The load stop force is preferably determined by determining the amount of current required by the actuator 40 to move the piston 134 when loaded (the motor torque required to increase the belt tension will be proportional to the required current). FIG. 15 shows a graph of motor current I based on the position of the adjustable load stop member as measured by the number of motor turns N. As the adjustable load stop member initially moves from its fully retracted position there is no contact with the piston 134 and only a small baseline current 252 (sufficient to overcome frictional forces) is required to move the adjustable load stop member. At point 254, the adjustable load stop member encounters resistance from the loaded piston 134 and the required current 256 to move the adjustable load stop member against the loaded piston increases substantially in comparison to the baseline current 252. Progressively greater current is required to progressively move the adjustable load stop member/loaded piston and increase the tension on the belt 16, and indeed, the slope of the current curve 256 is dependent on the stiffness or modulus of elasticity of the belt. (The stippled plots 258 and 259 show current curves for a stiffer chain and a more elastic belt such as one made from polyester as opposed to Aramid fibers in the central example 256.)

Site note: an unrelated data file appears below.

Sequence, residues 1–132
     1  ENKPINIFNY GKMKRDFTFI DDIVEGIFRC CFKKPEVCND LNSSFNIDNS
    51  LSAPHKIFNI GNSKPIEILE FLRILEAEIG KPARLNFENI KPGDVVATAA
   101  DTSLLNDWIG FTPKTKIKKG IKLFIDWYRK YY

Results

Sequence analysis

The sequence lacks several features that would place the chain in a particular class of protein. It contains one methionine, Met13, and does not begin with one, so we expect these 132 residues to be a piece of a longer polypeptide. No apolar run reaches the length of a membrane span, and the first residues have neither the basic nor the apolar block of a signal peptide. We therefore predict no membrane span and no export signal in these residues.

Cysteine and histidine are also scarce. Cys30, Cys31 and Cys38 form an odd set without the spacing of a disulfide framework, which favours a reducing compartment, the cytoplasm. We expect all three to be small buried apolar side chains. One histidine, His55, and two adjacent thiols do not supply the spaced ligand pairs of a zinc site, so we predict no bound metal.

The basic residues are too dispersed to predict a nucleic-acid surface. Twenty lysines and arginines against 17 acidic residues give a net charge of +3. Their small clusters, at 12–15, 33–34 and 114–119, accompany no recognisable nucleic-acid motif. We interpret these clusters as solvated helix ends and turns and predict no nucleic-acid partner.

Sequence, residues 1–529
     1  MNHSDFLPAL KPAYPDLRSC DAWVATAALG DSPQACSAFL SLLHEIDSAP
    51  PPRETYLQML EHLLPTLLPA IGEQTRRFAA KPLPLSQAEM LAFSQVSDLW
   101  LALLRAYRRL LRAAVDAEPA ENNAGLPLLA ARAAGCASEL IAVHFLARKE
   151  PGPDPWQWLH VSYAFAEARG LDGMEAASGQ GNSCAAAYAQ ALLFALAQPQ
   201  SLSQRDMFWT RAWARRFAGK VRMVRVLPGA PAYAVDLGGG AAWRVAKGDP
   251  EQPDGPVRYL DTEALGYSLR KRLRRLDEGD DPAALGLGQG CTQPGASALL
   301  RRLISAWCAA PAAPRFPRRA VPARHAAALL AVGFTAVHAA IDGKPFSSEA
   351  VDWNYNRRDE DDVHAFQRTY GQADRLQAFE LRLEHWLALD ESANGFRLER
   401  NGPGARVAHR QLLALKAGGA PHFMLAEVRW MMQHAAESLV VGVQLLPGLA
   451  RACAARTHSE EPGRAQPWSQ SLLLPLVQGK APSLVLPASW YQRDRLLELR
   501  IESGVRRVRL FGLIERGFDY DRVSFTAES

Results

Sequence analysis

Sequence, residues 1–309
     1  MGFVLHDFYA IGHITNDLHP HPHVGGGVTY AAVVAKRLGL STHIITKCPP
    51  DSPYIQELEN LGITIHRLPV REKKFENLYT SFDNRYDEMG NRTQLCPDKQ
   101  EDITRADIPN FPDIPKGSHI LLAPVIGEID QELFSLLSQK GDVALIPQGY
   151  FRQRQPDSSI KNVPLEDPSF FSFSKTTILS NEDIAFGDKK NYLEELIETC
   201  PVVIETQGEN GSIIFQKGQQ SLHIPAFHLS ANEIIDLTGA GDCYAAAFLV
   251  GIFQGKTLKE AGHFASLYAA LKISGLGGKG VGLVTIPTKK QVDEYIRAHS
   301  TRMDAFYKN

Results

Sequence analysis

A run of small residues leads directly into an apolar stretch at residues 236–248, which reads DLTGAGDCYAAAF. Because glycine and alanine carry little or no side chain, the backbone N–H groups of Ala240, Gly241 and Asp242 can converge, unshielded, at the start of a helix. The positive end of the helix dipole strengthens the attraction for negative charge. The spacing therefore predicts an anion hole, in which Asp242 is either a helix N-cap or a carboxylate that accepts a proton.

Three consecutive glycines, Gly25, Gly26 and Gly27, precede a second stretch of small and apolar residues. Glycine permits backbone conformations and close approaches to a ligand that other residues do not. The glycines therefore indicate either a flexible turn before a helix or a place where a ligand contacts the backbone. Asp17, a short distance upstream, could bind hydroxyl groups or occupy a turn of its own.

The tensioner 24 can thus be practically controlled utilizing only an adjustable load stop member position sensor (as provided by the Hall effect sensor 242 which measures motor turns) and a current sensor 266 for measuring the load stop force.

If desired, the known position of the adjustable load stop member provided by the position sensor can also be utilized to estimate the variance in the compressible substance spring force and the coil spring force and reduce the tolerance of the estimated mean belt tension.